Fish

Wednesday, July 9, 2014

Fear and Motivation


Cringe as some people may, there are few things in the world that motivate more than fear.

Fear of failure.
Fear of rejection.
Fear of dying...

As a survivor, I've lived with all sorts of fear. Many of which most people share. We've all been in a fearful place.

What we sometimes won't admit is that the fear itself motivated us to do something.

It's fight or flight. No wrong answer.

There is no sin in living for another day.

I've learned, or should I say continue to learn, to use my fear as a positive.

Fear can be the worst kind of constriction there is. Perspective is the judge.

A doctor who presents life and death before you.

A plan to treat you that can be construed as cruel torture.

Suffering until your innards can suffer no more.

That's real fear.

The perspective weighs in when your other worldly life presents the common fears in a different light.

Standing before a crowd.

Failing on your first attempt.

Afraid of the results from personal change.

Fear? Maybe. Perspective says it's not the same.

Don't suffer in the name of fear but succeed instead. At this moment, you can have that choice. Change the situation. Fight out of the corner that fear put you in.

Easy? No. Motivating? Yes.

Getting out of bed to run in the rain. Lifting until you hear a pop. Fear motivates me to move beyond what I thought I could do.

Writing a chapter to be the artist I know I am.

To not be afraid to tell people you love them.

What do you fear? And what happens when you react to it?

The crime is to do nothing.

Learn to do it. Do it now...


Tuesday, May 27, 2014

I Am Another Person


Racing legend Jackie Stewart once said, "When you put the visor down, you become another person."

I've been seriously thinking. It is time to up my game.

Do I really know if any of the changes I've made in past years is doing anything for me? Is it time to do more?

Today was a typical spring day. There is still a chill but it fades quickly in the morning now.

Spring holds a sensation of promise. There is renewal, literally, in the air.

I am always filled with sensations of yesteryear. Spring was a harbinger of summer. I would break out my baseball glove to take in the smell of broken in leather. Freshly cut grass was the world's cologne and clouds would hurry out of the way to give you the best blue sky you have ever seen though you saw the same sky the previous day.

Today was also Survival Clinic day.

I remove my work tag from my hip when I walk in because in a hospital people associate anyone with a photo tag as an employee.

The clinic always makes me jittery for one reason and one reason only.

I was the first to open their door today. Ten minutes later, the flock of children began.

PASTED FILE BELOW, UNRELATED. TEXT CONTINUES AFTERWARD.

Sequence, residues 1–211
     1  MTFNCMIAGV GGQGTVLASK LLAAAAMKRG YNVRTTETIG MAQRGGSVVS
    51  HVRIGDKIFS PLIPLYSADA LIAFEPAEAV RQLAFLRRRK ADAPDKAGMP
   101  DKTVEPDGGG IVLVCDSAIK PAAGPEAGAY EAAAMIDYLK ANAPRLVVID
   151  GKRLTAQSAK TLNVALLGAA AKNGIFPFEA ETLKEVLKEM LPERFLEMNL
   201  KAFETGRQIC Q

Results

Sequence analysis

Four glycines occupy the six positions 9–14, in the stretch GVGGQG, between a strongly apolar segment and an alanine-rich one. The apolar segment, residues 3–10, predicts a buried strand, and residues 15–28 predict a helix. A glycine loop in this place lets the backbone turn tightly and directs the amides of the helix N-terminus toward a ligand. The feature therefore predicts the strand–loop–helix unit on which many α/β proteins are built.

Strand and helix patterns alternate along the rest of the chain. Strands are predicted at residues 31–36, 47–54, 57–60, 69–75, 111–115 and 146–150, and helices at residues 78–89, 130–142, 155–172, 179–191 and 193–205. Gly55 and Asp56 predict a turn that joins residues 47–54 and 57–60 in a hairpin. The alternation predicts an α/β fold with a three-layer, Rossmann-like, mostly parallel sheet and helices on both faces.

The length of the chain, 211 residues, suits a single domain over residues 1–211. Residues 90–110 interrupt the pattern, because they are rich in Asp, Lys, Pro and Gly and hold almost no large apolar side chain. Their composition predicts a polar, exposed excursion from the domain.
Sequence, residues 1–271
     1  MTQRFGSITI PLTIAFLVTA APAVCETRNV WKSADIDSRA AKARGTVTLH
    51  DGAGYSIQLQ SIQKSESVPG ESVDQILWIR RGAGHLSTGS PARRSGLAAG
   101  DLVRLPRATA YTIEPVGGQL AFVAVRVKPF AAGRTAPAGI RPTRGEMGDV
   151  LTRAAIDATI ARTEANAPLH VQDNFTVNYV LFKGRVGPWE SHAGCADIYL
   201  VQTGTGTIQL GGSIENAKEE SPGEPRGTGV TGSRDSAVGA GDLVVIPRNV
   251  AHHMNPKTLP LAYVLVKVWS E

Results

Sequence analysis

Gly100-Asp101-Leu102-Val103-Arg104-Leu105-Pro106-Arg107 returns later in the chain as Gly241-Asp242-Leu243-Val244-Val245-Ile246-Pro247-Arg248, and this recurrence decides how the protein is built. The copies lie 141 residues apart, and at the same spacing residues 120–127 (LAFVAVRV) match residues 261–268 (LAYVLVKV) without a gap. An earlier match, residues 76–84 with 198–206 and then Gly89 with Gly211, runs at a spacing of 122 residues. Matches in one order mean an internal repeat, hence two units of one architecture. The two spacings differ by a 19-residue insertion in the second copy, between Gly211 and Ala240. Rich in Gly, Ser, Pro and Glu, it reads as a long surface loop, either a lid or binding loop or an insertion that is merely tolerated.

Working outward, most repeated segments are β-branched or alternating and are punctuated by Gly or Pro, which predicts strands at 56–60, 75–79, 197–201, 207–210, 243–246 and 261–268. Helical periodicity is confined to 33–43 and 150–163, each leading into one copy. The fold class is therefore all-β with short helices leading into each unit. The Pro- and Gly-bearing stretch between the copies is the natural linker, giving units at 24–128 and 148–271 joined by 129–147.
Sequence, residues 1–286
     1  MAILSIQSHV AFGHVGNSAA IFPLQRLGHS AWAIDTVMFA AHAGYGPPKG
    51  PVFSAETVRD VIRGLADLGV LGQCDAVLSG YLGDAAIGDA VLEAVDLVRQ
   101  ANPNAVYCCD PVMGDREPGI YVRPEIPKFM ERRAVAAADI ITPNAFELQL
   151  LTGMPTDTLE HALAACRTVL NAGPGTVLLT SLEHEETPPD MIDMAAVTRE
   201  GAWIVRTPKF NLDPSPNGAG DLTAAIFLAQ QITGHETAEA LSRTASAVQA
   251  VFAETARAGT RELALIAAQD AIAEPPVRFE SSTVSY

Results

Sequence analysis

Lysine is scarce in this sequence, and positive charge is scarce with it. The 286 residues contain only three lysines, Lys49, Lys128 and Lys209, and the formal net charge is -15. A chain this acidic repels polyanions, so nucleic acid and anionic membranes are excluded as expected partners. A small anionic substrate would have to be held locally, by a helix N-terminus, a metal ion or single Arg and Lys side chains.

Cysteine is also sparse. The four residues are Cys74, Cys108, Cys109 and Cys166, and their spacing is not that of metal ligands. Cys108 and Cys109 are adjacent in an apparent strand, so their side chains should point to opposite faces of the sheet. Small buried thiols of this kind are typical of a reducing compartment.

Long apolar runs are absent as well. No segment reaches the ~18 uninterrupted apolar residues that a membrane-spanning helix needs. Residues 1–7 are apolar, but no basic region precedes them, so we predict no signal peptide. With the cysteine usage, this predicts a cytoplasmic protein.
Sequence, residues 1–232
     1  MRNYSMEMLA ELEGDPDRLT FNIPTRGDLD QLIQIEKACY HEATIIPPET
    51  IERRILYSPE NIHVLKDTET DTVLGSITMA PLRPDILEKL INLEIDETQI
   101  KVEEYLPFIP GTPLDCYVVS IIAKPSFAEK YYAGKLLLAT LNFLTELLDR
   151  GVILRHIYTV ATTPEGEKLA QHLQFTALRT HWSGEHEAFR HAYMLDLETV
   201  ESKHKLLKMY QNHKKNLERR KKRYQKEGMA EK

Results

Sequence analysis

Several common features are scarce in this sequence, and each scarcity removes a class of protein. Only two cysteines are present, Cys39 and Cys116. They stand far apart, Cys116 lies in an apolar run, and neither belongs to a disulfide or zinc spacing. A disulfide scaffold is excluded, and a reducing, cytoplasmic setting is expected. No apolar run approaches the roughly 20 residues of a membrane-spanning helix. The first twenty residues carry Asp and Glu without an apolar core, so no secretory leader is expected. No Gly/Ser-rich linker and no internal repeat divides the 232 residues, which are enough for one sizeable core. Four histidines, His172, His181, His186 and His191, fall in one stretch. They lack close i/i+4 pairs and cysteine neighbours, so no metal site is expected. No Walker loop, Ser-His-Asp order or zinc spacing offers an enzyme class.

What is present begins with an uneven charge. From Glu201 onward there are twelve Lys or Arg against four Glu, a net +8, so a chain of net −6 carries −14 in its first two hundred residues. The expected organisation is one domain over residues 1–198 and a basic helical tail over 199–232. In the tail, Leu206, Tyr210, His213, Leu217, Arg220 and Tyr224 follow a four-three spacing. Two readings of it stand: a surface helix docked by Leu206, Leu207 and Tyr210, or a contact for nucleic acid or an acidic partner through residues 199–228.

I've documented the clinic in the past but I can never get used to it.

One year olds. Two year olds....etc. The parade continues - All balding or with no hair showing scars that run up the back of their naked skulls. Multiple tubes on multiple poles sustain them.

I'm the enigma or at least I feel that way. Nervous parents shoot quick glances wondering where, if any, is my child.

It's just me. I try to shrink in my chair.

A flock of bald boys hound one of the workers for the Spiderman House. Another wanted his mom to reset his video game for him. Still another sat in his stroller, wilted, his eyes barely staying open. He may be 5 or 6 years of age but he barely weighed 20 lbs.

A teenaged girl wheeled her way around the room in her wheelchair - All of this in a room no bigger than 20x20.

Chaos. Desperate chaos. Parents faking small talk. Children trying to be themselves.

I had no phones to play with. No technological distraction. I was thankful for that. I did it purposely. I find it cathartic to severe myself from the world even for a little while. This is what's real to me.

Still, I found myself looking out of the window. I followed a trellis made of pipe where starlings were hopping from point to point, heedless to what is going on inside.

One particular bird was busy ruffling its feathers over and over. He sat above a small roof paved with smooth gray and beige stones. I tried to find the flattest one for skipping along an imaginary lake. This takes up my time as more children poured in.

It was finally my turn. They called the only Joe in the room. As I slid my way around the large table filled with an enormous puzzle and a quizzical little girl who was lost in what must have seemed an infinite amount of pieces, I tried not to interfere with all of the play. Truth is, I tried not to step on the tubes, wheels and strewn clothing. I was the odd puzzle piece here.

I was sharing their world but I felt like an outsider. I am always reminded of how my parents must have felt when they took me to the clinic.